0
$\begingroup$

Our solar system travels at an average speed of 515,000 mph and our galaxy at 1.3 million mph through space. What is the fastest moving body in space recorded and the fastest can a black hole or galaxy travel through the universe?

$\endgroup$
  • $\begingroup$ Now the question emphasizes that it should be a celestial body, in which case my discussion about particles doesn't really fit… $\endgroup$ – pela Jun 30 '18 at 0:09
  • $\begingroup$ @pela feel free to revise it to fit your answer as well. $\endgroup$ – Muze Jun 30 '18 at 2:48
3
$\begingroup$

Hubble velocities

The Universe expands and carries galaxies away from each other with a relative velocity proportional to the distance between them. This is Hubble's law, and if the Universe is infinitely large, there is no limit to how fast two galaxies may recede from each other. In our observable Universe, the most distant galaxy observed (GN-z11; Oesch et al. 2016) recedes from the Milky Way at more than twice the speed of light ($c\simeq300\,000\,\mathrm{km}\,\mathrm{s}^{-1}$).

Peculiar velocities

However, this is not a motion through space, which seems to be what you are asking about. Nothing is able to travel through space faster than the speed of light.

Galaxies generally move through space with velocities of the order of a few $100\,\mathrm{km}\,\mathrm{s}^{-1}$; in massive clusters, they may acquire velocities of a few $1000\,\mathrm{km}\,\mathrm{s}^{-1}$ (e.g. Karachentsev et al. 2006). These so-called peculiar velocities are wrt. to the "global" frame, i.e. the frame in which an observer that follows the cosmic expansion lies still. This is also the frame in which the cosmic microwave background is (statistically) the same in all directions.$^\dagger$

Black holes, stars, planets, and gas cloud move around in the reference frame of their galaxies with characteristic velocities of the order of $100\,\mathrm{km}\,\mathrm{s}^{-1}$, so this will typically be smaller than that of their host galaxy, if the galaxy lies in a large cluster.

When massive celestial bodies such as neutron stars or black holes merge, they reach velocities of the order of half the speed of light, as discussed further in Rob Jeffries' answer. This is as measured in the frame of the center of mass.

Velocities of particles

EDIT: The following was written before the question was changed to emphasize celestial bodies: Much higher velocities are found for small particles such as cosmic rays; these are massive particles accelerated to extreme energies, e.g. by supernova explosions. The record holder of such particles is still (I think) the so-called Oh-My-God particle which traveled at $0.9999999999999999999999951c$ (in Earth's frame), much faster than the velocities reached in the Large Hadron Collider.


$^\dagger$Of course you can always define a frame that moves with almost the speed of light, such that all object acquire that speed "artificially", but then the Universe isn't isotropic anymore.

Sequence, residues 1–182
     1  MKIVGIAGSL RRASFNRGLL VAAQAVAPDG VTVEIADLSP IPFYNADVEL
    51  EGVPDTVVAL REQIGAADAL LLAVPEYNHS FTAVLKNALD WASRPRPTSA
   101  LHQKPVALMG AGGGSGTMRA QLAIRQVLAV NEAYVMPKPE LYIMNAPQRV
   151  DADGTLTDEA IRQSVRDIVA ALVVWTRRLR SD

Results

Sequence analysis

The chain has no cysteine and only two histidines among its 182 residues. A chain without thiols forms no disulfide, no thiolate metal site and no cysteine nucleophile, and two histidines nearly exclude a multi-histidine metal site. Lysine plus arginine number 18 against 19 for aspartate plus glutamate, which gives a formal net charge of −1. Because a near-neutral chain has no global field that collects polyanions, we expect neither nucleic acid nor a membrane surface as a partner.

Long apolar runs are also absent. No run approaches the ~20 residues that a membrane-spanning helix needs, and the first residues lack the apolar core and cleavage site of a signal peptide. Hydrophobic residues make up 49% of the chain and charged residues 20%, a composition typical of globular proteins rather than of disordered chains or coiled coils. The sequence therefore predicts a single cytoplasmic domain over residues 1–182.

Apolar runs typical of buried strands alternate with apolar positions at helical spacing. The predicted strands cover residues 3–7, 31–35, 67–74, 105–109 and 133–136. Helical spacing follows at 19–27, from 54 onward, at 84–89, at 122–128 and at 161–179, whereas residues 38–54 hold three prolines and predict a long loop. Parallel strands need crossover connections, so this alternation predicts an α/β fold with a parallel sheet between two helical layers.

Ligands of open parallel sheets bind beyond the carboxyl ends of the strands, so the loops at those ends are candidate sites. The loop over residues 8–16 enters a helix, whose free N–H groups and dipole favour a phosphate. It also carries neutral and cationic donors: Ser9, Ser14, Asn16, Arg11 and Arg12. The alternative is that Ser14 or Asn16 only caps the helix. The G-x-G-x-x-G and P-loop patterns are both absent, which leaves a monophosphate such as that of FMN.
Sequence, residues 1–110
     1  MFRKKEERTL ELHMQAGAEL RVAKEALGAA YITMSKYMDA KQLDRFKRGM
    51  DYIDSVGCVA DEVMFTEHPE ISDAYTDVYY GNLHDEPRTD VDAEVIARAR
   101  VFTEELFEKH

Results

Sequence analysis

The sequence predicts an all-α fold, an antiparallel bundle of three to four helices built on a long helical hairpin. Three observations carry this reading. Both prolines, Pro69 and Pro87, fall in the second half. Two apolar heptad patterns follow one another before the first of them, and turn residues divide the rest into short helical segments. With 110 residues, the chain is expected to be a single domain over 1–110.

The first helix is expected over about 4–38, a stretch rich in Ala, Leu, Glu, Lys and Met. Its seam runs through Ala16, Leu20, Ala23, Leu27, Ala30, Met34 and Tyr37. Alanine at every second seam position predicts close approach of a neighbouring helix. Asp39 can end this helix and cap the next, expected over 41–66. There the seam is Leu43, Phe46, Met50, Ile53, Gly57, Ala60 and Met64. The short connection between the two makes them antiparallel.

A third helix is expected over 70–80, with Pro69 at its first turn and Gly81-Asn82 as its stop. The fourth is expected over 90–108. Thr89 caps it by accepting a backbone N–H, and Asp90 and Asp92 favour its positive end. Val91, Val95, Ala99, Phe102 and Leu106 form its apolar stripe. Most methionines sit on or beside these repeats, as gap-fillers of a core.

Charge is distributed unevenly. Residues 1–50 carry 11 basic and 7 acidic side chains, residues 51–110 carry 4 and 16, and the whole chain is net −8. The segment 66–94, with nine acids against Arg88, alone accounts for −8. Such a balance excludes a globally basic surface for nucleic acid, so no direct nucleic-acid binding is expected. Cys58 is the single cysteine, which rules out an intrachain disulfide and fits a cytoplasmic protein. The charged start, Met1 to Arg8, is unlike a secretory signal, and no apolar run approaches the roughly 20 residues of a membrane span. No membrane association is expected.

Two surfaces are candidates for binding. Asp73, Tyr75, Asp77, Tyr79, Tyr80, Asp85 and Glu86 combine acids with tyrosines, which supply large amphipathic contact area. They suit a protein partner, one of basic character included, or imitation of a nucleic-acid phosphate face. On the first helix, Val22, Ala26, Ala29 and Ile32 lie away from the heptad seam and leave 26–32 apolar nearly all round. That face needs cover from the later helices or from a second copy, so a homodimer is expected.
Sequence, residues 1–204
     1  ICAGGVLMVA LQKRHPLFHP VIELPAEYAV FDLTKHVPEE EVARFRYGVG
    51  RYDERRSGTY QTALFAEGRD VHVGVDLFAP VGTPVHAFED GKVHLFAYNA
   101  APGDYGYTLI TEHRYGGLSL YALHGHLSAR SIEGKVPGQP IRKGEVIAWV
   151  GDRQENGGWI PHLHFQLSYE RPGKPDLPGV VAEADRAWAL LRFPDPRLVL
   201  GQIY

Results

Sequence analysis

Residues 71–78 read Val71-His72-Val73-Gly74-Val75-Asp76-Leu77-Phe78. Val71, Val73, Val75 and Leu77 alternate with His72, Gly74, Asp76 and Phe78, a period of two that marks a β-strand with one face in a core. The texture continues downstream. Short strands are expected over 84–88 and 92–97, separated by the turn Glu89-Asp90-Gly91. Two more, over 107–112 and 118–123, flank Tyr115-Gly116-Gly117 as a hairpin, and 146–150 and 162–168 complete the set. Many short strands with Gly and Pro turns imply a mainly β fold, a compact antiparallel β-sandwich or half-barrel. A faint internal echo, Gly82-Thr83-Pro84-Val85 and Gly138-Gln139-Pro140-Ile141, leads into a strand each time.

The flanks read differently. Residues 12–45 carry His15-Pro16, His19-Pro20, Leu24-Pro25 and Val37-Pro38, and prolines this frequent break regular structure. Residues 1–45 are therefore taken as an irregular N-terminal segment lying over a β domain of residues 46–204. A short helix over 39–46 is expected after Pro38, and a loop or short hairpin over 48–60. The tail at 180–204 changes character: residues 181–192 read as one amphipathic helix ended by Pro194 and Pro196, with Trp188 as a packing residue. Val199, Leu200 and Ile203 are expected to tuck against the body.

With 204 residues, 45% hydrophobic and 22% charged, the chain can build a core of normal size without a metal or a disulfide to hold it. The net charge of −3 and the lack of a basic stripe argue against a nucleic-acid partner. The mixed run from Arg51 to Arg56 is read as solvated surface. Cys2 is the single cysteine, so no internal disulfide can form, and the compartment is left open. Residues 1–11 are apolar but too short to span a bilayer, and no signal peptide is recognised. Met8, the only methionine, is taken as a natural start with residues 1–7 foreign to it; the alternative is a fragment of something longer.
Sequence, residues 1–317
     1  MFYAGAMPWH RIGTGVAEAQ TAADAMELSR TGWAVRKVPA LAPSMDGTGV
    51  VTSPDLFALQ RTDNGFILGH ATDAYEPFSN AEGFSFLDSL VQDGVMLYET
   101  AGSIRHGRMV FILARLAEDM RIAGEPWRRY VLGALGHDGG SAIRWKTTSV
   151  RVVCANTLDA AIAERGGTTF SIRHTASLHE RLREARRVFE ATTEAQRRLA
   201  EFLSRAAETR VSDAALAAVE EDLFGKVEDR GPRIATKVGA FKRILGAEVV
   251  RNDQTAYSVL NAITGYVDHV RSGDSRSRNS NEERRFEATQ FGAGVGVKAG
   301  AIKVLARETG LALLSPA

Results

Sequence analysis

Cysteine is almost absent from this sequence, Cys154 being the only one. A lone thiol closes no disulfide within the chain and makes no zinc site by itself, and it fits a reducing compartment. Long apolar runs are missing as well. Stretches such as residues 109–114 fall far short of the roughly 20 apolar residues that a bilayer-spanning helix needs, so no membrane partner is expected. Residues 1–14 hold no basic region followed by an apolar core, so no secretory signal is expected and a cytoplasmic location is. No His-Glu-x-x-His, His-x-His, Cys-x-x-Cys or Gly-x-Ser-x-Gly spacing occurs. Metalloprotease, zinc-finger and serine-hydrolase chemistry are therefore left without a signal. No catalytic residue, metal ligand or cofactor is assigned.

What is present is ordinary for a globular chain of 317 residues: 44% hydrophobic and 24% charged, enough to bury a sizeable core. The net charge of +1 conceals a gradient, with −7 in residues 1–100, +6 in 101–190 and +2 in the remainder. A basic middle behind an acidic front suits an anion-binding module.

$\endgroup$
  • $\begingroup$ How are these speeds determined? I thought we could only measure relative velocities and these are stated like they are absolute values. $\endgroup$ – jmh Jun 29 '18 at 22:20
  • $\begingroup$ @jmh Yes, you're right. I though it'd be too much to go into that, but you're right that it shouldn't go unmentioned, so I'll edit. $\endgroup$ – pela Jun 29 '18 at 23:22
  • $\begingroup$ Trying to understand, we don't actually see GN-z11 receding from as at twice the speed of light right ? We see its past image recede from us at a given speed and from that infer how far it is receding from us "now" (as far as this actually means something) , which would mean that light emitted from it "now" will never each us ? $\endgroup$ – Guiroux Jul 4 '18 at 12:09
  • $\begingroup$ @Guiroux We don't measure its velocity as in "measure its distance now and measure its distance 1 second later, and take the difference" (I know you know this). We see its image from the past, and we measure its redshift. From the redshift (and assuming that our model of cosmology is correct), we can calculate that right now, GN-z11 increases its distance from MW at twice the speed of light. We can also calculate how fast it receded from us when it emitted the light we see now. You might be surprised to hear that at that time, it receded at four times the speed of light :) $\endgroup$ – pela Jul 4 '18 at 21:27
  • $\begingroup$ @pela well I actually allowed myself to ask such a questions because I had notion of how we can measure that kind of velocity using redshift, this kind of ultra basic stuff. For this part "You might be surprised to hear that at that time, it receded at four times the speed of light", I just don't see how it is possible, but I'll do my research to understand it. Thx for your time. $\endgroup$ – Guiroux Jul 5 '18 at 7:23
2
$\begingroup$

If we are talking about any significant celestial bodies, then it will be the relative velocities of a pair of merging black holes.

The typical relative velocity due to the orbital speed of the black hole components just before merger is greater than half the speed of light.

Nothing comes close to that on a galactic scale. Typical peculiar velocities for galaxies in a cluster are a few hundred to a few thousand km/s.

The plot below shows the inferred relative velocities (bottom) of merging black holes from the first LIGO gravitational wave detection.

Merging black holes

$\endgroup$

Your Answer

By clicking "Post Your Answer", you acknowledge that you have read our updated terms of service, privacy policy and cookie policy, and that your continued use of the website is subject to these policies.

Not the answer you're looking for? Browse other questions tagged or ask your own question.